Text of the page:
When she graduated with a Bachelor’s degree in Education and French from Kenyatta University, Maggie and her colleagues were duly disappointed to learn that the Teachers Service Commission was no longer employing teachers.
“We were desperate to get jobs, but little did we know that this was a blessing in disguise,” says Maggie.
Unemployed but undeterred, Maggie who badly needed a job, joined the path of research.
At that time, SBO Research, a local research company, was looking for field interviewers to supplement their activities. Maggie took up the opportunity.
“Under the aegis of Catherine Ngahu, the owner of SBO, I learnt a lot about research. Although we would earn a meager daily wage, I appreciated the learning experience and left after eight months when Steadman ran an advertisement seeking experienced researchers,” says Maggie.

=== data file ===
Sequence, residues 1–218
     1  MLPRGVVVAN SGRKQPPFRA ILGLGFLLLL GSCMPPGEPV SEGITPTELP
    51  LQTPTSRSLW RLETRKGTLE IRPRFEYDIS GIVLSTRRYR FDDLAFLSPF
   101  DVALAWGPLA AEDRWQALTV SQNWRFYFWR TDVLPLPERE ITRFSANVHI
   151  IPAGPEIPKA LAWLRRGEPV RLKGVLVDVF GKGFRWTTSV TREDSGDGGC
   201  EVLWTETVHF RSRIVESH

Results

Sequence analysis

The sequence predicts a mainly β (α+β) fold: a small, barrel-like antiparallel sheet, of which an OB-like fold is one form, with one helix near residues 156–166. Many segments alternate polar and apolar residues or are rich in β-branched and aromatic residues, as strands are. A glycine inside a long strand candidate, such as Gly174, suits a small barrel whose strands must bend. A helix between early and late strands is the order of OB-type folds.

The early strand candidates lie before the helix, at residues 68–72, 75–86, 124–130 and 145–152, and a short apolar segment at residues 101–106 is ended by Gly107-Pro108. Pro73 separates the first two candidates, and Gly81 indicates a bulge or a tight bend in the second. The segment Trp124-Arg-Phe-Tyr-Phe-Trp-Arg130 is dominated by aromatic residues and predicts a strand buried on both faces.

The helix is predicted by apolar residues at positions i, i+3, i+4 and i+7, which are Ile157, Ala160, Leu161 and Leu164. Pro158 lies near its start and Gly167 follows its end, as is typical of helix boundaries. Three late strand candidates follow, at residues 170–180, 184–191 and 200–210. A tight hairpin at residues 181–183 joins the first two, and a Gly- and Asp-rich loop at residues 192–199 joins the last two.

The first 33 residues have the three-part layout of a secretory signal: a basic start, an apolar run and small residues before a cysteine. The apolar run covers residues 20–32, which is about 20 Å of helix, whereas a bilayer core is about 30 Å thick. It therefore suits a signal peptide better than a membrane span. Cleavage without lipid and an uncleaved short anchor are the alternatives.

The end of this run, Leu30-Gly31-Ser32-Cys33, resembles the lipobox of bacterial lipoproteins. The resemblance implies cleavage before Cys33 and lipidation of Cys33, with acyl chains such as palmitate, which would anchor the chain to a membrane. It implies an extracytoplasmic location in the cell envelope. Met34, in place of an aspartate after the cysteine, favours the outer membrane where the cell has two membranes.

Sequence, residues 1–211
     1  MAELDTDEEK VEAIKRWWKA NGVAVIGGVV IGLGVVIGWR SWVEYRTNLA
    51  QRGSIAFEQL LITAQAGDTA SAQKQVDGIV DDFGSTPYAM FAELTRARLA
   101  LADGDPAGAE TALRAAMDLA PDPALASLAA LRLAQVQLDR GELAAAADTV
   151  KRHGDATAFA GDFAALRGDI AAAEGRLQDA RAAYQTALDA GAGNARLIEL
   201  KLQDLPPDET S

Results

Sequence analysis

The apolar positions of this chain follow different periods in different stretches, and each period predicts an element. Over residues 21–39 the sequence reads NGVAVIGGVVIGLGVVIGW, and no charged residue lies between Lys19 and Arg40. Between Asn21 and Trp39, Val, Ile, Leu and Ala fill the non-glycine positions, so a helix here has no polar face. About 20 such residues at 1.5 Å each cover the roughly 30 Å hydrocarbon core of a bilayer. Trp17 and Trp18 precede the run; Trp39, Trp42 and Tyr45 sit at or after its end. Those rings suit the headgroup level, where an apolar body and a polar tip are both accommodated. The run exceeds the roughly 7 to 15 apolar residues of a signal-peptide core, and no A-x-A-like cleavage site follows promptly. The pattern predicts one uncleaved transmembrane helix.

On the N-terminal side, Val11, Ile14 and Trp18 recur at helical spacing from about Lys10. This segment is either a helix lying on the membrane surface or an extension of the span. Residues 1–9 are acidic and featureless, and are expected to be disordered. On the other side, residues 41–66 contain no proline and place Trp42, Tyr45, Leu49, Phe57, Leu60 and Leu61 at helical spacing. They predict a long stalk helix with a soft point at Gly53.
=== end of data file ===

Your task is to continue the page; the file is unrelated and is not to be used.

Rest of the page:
As other fresh graduates hired along with Maggie were struggling to learn the ropes, Maggie fit well into her job, thanks to the experience she gained at SBO research.
Chance of a lifetime
Seven months later, an opportunity for a research manager arose in Uganda and she quickly filled it.
“I was their cheapest option. The relocation was not costly as I was single then, plus I wasn’t asking for much! I made a decision to see this as a career opportunity and did not ask for too much money. I would encourage young people to chase opportunities rather than money. With experience, it is only a matter of time before one can negotiate for more money, ” she says.
That was in 2000. Four years later, Maggie was promoted to the position of country manager for Synovate Uganda, a position she held until 2005.